// imports are remove for brevity
    
    public class SentimentAnalysis {
        private static final String URL = "https://api.idolondemand.com/1/api/sync/analyzesentiment/v1";
        
        private static SentimentAnalysis instance;
        private final String API_KEY;
    
        public static SentimentAnalysis getInstance() {
            if (instance == null) {
                instance = new SentimentAnalysis();
            }
            return instance;
        }
        
        private SentimentAnalysis(){
            API_KEY = System.getProperty("idolOnDemand.apiKey");
        }
    
        public SentimentResult analyse(String opinion, String language) {
            opinion = encode(opinion);
            RestTemplate rest = new RestTemplate();
            
            // calls the API and parse the JSON response into a Java object
            return rest.getForObject(
                    String.format("%s?apikey=%s&text=%s&language=%s", URL, API_KEY, opinion, language),
                    SentimentResult.class
            ); 
        }
    
        private String encode(String opinion) {
            String encoded = null;
            try {
                encoded = URLEncoder.encode(opinion, "UTF-8");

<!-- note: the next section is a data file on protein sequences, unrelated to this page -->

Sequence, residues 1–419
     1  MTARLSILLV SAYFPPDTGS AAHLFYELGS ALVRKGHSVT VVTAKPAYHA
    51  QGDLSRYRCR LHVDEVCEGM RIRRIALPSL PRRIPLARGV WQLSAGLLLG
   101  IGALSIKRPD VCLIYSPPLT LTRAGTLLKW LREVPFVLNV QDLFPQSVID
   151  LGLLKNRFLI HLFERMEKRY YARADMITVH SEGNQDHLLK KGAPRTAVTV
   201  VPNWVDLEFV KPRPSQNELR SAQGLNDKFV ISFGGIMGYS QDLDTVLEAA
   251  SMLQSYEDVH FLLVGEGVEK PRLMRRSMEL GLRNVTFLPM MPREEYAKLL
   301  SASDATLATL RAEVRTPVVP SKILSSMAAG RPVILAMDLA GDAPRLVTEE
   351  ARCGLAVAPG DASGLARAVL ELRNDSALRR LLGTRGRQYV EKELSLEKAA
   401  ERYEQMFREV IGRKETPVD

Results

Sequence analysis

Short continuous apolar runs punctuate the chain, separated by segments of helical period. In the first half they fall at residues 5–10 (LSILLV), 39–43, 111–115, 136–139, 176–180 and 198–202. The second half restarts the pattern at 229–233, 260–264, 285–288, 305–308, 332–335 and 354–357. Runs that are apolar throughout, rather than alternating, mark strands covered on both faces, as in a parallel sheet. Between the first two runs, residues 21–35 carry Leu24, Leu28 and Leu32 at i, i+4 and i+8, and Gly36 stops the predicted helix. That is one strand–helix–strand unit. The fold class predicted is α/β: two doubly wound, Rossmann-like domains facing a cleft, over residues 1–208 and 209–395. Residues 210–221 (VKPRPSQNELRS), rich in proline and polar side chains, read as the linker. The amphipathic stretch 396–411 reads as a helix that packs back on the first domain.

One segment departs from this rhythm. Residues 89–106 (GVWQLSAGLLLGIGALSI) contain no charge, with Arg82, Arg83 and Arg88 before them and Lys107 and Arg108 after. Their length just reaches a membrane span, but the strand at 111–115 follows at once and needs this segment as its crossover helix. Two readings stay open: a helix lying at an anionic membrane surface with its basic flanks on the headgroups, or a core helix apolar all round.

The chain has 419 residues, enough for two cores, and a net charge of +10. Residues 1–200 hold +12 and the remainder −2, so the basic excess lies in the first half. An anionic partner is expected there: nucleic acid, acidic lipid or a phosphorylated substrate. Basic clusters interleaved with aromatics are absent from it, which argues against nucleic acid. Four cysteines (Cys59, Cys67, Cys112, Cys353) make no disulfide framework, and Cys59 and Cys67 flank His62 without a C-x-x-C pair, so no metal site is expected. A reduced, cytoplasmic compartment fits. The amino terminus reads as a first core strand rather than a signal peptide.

} catch (UnsupportedEncodingException ex) {
                // handle exception 
            } 
            return encoded;
        }
    }

The interesting part of this code is that we do not have to know anything about HTTP connections, status code or JSON parsing. It is all handled automatically by the highlighted method rest.getForObject.
This method receives the URL we want to call and a Java class specifying how we want to parse the result. This Java class must match the response of the REST API to work properly. Therefore, we need to define the classes SentimentResult, Sentiment and Aggregate to comply to the JSON schema:


    // imports are remove for brevity
    
    public class SentimentResult {
        private List<Sentiment> positive;
        private List<Sentiment> negative;
        private Aggregate aggregate;
    
        // getters and setters omitted for brevity
    }


    // imports are remove for brevity
    
    @JsonIgnoreProperties(ignoreUnknown = true)
    public class Sentiment {
        private String sentiment;
        private String topic;
        private double score;
    
        @Override
        public String toString() {
            return String.format("%s|%s|%s", sentiment, topic, score);
        }
    
        // getters and setters omitted for brevity
    }

The @JsonIgnoreProperties annotation allow us skip the definition of the attributes we are not interested in. In this case original_text, original_length, normalized_text and normalized_length. jackson-databind will ignore this JSON parameters during parsing.